One of the most controversial aspects of Pope Francis' trip to the United States is already shaping up to be the canonization of Fr. Junipero Serra, an 18th century Franciscan priest who was one of the first immigrants in California.
The pontiff will preside over the event — the first-ever canonization on U.S. soil — on Wednesday at 4:15 p.m. E.T. at the National Shrine of the Immaculate Conception in Washington, D.C. It's an occasion that's expected to attract 20,000 people.
But while Serra, who was a Spanish-born missionary responsible for helping bring Christianity to California, is set to be honored nearly 30 years after his beatification back in 1988, some are questioning the merits of Pope Francis' decision.
The statue of missionary Junipero Serra, center, is seen in Statuary Hall, also known as the Old Hall of the House, on Capitol Hill in Washington, Thursday, July 2, 2015. (AP Photo/Pablo Martinez Monsivais)
The pontiff decided earlier this year to fast-track the process by not requiring the typical proof of two miracles, and, instead, simply took one purported miracle into account in which a nun claimed that she was cured of Lupus after praying to Serra, the Associated Press reported.
It is widely known that Serra, a Spanish-born missionary, went to California to help spread Christianity to the native peoples there, setting up nine missions in the process. While some see him as a hero who helped introduce and spread the faith, others hold an entirely different view.
Critics claim that Serra helped spread disease, enslaved those who were converted and wiped out native populations. But the Vatican has said, in contrast, that he worked to defend Native Americans.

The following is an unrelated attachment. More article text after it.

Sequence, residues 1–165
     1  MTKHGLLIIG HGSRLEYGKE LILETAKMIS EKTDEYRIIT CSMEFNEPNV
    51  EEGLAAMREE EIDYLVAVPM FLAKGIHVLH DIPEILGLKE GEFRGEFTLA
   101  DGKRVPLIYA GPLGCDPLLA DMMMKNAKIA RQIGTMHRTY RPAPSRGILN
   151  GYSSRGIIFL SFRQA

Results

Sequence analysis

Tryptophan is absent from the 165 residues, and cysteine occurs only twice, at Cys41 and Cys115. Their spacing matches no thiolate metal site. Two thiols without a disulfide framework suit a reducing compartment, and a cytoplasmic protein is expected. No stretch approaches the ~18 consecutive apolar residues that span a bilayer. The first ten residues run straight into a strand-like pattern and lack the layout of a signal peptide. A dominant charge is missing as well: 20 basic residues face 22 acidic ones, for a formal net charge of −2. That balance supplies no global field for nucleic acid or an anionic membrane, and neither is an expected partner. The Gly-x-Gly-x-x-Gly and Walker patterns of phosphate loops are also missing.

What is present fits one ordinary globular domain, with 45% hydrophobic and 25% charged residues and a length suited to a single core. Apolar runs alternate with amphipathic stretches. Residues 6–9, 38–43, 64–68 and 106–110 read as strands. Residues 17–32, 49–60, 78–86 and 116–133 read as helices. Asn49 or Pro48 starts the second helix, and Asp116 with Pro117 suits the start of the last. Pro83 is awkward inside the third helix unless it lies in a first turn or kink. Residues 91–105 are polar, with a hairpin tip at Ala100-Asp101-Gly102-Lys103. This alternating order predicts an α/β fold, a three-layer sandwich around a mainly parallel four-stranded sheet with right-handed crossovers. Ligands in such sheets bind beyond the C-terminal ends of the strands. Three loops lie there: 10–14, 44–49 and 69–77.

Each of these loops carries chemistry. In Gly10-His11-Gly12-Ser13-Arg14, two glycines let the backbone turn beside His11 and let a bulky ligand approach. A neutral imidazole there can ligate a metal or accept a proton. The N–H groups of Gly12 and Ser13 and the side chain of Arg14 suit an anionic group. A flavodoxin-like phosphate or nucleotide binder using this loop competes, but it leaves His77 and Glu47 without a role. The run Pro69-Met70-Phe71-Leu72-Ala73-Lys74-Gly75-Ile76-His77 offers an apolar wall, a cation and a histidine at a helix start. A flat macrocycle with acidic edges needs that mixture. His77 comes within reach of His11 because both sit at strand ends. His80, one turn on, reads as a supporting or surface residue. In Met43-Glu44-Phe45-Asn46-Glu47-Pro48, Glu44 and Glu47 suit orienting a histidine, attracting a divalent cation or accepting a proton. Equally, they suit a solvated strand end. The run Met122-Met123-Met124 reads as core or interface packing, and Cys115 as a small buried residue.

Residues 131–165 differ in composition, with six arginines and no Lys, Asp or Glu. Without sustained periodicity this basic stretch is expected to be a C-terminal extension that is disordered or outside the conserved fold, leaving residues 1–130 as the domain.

Pope Francis (Getty)
“He traveled to the periphery of the world — California was the end of world back then — to share his love of God with the Native Americans, whom he deeply loved and they loved him in return,” Catholic scholar Msgr. Francis Weber told the National Catholic Reporter earlier this year.
Others, though, like Valentin Lopez, chairman of the Amah Mutsun Tribal Band, see the situation quite differently.
"It is very offensive to canonize the person who actually enslaved, whipped, tortured and separated families and destroyed our cultural and spiritual beliefs," Lopez told NBC News. "How can that behavior be recognized as saintly behavior?"
Pope Francis and President Barack Obama (Chip Somodevilla/Getty Images)
The Amah Mutsun Tribal Band penned a letter to Pope Francis in August, further expressing opposition to the decision to canonize Serra, accusing the missionary of "forced labor."
While Lopez told NBC News that he knows that the canonization will go forward as planned despite his protest, he refuses to back down."We will never accept Junipero Serra's canonization," he told the outlet. "We will continue the fight to have the canonization rescinded. One day, the Catholic Church will realize it made a mistake."
See the introduction to Lopez's letter below:
Amah Mutsun Tribal Band
Debate over Serra has been so fierce in fact that California politicians considered removing a statue bearing his likeness earlier this year that has been in the U.S. Capitol's National Statuary Hall since 1931, though Gov. Jerry Brown said that it will remain.
Serra established the first California mission in 1769 and subsequently launched eight others in the state, being credited with helping Spain create a presence in California, according too Biography.com.